total processes:      5
max active processes: 1
max children reached: 0
slow requests:        0

Memo: meaning of different values of PHP-FPM Status

-pool – the name of the pool.
-process manager – possible values static, dynamic or ondemand. We never use static.  Trying ondemand is on todo list.
-start time – the date and time FPM has started or reloaded.
-start since – number of seconds since FPM has started
-accepted conn – the number of request accepted by the pool
-listen queue – the number of request in the queue of pending connections. If this number is non-zero, then you better increase number of process FPM can spawn.
-max listen queue – the maximum number of requests in the queue of pending connections since FPM has started
-listen queue len – the size of the socket queue of pending -connections
-idle processes – the number of idle processes
-active processes – the number of active processes
-total processes – the number of idle + active processes
-max active processes – the maximum number of active processes since FPM has started
-max children reached – number of times, the process limit has been reached, when pm tries to start more children. If that value is not zero, then you may need to increase max process limit for your PHP-FPM pool. Like this, you can find other useful information to tweak your pool better way.
-slow requests – Enable php-fpm slow-log before you consider this. If this value is non-zero you may have slow php processes. Poorly written mysql queries are generally culprit.

3. Install Netdata on Centos 7 here

4. Configure Netdata to Monitor PHP-FPM

The Netdata configure for Nginx in folder /etc/netdata/python.d which is written in YAML format.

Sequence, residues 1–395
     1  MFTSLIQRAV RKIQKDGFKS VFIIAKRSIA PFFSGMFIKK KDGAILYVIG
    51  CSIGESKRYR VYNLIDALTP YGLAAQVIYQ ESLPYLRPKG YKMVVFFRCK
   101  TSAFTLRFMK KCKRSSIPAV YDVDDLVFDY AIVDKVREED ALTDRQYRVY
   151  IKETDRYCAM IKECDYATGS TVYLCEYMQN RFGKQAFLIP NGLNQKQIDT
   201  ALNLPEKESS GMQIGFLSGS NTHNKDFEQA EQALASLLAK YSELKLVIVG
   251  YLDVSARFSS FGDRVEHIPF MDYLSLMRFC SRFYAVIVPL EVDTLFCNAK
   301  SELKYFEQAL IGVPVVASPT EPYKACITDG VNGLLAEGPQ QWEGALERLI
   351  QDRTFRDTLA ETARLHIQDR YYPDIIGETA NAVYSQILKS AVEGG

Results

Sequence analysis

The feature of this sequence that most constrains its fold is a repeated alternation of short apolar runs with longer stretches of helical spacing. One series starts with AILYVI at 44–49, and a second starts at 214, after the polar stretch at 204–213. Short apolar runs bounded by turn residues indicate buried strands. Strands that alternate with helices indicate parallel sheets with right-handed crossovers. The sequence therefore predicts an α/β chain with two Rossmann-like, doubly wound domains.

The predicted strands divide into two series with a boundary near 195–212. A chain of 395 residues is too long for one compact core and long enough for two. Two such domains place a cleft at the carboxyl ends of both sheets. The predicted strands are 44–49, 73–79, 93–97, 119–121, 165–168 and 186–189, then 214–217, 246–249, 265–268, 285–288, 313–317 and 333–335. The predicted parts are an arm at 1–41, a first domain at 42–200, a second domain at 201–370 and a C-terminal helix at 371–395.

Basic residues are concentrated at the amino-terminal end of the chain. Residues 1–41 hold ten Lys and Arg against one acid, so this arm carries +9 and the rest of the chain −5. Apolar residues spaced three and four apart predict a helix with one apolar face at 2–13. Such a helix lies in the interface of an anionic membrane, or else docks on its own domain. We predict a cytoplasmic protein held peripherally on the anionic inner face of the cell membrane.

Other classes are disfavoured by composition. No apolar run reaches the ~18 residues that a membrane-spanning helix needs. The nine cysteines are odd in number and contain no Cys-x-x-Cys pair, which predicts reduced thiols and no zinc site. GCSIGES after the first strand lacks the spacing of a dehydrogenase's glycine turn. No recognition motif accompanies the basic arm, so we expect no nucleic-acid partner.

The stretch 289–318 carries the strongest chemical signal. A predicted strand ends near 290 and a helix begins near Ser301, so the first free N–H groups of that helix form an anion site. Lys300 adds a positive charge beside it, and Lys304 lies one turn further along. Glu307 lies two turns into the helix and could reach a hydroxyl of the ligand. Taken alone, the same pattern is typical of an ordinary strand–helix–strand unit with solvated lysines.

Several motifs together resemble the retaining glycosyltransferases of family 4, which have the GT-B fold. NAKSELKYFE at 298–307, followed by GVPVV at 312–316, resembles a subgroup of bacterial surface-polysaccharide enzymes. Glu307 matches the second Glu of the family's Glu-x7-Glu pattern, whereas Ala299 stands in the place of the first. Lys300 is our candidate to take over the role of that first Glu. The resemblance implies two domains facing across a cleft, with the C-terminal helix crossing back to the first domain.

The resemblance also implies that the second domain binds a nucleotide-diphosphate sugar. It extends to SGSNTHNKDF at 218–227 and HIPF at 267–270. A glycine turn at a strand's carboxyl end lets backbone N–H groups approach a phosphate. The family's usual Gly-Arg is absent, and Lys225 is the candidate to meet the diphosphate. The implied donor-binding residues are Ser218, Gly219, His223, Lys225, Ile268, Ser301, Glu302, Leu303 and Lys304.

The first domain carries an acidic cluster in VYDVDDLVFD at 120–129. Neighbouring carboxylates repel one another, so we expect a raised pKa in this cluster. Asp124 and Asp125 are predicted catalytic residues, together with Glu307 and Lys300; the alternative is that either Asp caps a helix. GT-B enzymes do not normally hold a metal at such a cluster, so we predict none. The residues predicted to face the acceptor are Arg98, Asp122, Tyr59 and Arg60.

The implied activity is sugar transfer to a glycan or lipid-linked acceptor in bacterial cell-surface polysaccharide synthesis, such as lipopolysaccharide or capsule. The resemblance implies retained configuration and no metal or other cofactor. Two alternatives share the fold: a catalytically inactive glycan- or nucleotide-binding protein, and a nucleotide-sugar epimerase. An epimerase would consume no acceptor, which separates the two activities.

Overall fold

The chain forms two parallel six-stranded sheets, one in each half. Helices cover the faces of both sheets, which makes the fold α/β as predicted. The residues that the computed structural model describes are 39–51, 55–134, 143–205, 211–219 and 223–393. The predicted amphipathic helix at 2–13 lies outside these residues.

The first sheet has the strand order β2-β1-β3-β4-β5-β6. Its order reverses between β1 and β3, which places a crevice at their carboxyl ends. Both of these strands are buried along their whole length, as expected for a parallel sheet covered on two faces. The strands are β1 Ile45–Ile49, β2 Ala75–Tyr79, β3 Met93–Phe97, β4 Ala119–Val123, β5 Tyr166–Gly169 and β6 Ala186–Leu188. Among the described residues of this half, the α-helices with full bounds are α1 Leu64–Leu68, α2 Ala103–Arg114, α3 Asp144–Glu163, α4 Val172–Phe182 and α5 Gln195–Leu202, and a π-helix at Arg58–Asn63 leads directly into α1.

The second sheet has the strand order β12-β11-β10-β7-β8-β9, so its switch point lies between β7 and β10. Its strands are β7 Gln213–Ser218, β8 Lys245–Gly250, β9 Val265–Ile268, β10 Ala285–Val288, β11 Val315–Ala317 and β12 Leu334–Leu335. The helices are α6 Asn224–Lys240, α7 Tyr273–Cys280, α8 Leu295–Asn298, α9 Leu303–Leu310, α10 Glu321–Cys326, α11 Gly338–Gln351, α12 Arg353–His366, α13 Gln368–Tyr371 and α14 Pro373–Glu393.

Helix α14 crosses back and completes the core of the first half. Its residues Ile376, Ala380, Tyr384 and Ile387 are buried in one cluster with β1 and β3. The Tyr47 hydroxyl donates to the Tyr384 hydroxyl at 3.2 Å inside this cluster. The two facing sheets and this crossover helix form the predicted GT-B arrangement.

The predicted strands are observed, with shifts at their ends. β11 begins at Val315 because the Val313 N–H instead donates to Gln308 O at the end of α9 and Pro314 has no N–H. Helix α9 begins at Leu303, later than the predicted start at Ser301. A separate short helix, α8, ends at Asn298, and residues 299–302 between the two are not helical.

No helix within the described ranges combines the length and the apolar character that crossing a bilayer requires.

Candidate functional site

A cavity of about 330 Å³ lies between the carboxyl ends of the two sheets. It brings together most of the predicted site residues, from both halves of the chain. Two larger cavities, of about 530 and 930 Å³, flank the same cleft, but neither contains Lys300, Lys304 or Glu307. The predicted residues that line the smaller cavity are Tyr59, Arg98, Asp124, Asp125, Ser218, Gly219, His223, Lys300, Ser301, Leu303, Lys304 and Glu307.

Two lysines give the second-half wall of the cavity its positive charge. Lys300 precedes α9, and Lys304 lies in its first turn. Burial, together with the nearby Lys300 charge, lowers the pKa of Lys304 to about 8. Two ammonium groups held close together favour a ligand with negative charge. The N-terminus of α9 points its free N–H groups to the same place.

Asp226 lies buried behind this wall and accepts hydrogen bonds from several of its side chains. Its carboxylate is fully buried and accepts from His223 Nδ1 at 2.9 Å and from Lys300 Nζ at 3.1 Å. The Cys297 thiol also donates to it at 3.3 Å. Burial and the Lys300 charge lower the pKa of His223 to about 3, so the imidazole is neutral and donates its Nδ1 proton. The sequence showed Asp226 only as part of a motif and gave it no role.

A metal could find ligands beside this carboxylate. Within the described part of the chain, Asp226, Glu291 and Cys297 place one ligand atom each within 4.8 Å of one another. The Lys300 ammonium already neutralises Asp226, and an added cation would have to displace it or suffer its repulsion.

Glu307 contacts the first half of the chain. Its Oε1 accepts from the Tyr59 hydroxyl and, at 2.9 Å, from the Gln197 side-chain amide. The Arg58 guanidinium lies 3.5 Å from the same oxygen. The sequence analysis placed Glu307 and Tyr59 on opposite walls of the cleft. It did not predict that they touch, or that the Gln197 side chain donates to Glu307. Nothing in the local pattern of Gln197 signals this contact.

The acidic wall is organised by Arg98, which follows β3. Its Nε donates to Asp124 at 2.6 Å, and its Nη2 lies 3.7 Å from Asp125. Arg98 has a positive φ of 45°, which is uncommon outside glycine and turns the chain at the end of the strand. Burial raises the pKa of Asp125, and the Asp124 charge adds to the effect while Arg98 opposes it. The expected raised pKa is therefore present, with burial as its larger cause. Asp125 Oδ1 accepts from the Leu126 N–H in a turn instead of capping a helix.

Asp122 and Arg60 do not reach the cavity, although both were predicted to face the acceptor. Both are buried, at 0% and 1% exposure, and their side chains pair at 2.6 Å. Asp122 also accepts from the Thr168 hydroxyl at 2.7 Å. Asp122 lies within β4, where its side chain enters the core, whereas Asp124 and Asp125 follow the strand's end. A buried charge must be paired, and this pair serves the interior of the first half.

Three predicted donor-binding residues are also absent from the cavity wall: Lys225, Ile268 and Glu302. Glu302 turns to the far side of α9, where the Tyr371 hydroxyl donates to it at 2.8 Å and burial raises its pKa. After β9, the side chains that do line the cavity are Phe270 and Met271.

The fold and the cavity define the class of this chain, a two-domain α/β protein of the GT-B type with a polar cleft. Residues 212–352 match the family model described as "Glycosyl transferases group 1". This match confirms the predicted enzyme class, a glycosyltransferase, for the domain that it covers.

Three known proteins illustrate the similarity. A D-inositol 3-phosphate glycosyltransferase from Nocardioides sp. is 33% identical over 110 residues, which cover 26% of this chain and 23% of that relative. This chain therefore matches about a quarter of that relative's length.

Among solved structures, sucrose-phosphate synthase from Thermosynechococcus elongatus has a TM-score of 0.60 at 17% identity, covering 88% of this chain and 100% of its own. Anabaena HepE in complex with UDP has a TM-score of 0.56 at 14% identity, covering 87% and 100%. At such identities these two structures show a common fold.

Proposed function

You can open it or create new file php-fpm.conf as shown

[root@DevopsRoles python.d]# cat /etc/netdata/python.d/php-fpm.conf 
# The output as below:
localhost:
  name : 'local'
  url  : 'http://localhost/status'

localipv4:
  name : 'local'
  url  : 'http://127.0.0.1/status'

Restart Netdata Server

[root@DevopsRoles ~]# systemctl restart netdata 

5. Using Netdata to Monitor PHP-FPM

Open a web browser access the netdata web UI.

http://NETDATA_SERVER_IP:19999
or
http://DOMAIN_NAME:19999

The result as the picture below

netdata monitor PHP-FPM

Conclusion

Thought the article, you can use Netdata to monitor PHP-FPM. I hope will this your helpful. Thank you for reading the DevopsRoles page!

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About HuuPV

My name is Huu. I love technology and especially Devops Skill such as Docker, vagrant, git so forth. I likes open-sources. so I created DevopsRoles.com site to share the knowledge that I have learned. My Job: IT system administrator. Hobbies: summoners war game, gossip.
View all posts by HuuPV →

3 thoughts on “Using Netdata to Monitor PHP-FPM

  1. Thanks in advance, but the point is that I can’t show the php-fpm statistics using apache. I have a RedHat 7 + Apache 2.4 environment